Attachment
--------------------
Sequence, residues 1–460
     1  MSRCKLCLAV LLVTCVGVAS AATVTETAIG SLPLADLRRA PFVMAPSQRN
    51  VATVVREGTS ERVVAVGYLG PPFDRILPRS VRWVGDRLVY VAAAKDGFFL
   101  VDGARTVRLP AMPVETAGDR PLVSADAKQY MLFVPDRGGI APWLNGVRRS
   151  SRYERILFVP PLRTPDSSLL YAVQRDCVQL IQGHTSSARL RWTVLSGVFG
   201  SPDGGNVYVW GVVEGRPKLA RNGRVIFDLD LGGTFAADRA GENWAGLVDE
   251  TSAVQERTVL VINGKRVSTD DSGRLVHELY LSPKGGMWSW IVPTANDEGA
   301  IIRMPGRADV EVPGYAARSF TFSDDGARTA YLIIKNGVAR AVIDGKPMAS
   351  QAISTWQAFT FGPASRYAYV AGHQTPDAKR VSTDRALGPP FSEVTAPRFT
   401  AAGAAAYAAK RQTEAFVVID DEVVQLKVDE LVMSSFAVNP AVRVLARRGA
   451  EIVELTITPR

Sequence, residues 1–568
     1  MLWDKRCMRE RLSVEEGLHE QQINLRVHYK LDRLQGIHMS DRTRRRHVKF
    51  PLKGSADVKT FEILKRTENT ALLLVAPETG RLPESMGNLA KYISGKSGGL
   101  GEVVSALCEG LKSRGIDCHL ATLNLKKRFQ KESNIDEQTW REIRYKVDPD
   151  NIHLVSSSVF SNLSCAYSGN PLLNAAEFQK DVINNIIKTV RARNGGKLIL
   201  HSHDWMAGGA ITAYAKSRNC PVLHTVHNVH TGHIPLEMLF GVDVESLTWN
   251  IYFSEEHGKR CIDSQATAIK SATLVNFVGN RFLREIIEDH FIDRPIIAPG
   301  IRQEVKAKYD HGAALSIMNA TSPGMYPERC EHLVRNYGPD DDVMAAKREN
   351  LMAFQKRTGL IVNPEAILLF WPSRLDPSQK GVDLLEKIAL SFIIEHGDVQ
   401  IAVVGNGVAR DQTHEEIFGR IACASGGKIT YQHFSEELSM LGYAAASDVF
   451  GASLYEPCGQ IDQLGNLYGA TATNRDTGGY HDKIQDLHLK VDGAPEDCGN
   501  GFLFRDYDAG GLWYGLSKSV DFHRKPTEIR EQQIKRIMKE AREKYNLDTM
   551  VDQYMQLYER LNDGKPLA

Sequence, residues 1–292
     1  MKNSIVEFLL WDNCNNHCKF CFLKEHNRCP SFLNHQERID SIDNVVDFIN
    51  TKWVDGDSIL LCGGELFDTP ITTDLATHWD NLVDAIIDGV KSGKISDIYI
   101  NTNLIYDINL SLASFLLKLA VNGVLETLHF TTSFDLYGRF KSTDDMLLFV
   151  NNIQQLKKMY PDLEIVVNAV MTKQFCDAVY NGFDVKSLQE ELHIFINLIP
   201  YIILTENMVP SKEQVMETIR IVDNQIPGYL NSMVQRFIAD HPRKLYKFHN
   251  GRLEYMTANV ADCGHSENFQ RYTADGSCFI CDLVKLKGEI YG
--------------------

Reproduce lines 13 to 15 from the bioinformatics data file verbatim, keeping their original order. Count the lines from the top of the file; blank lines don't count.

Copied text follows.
     1  MLWDKRCMRE RLSVEEGLHE QQINLRVHYK LDRLQGIHMS DRTRRRHVKF
    51  PLKGSADVKT FEILKRTENT ALLLVAPETG RLPESMGNLA KYISGKSGGL
   101  GEVVSALCEG LKSRGIDCHL ATLNLKKRFQ KESNIDEQTW REIRYKVDPD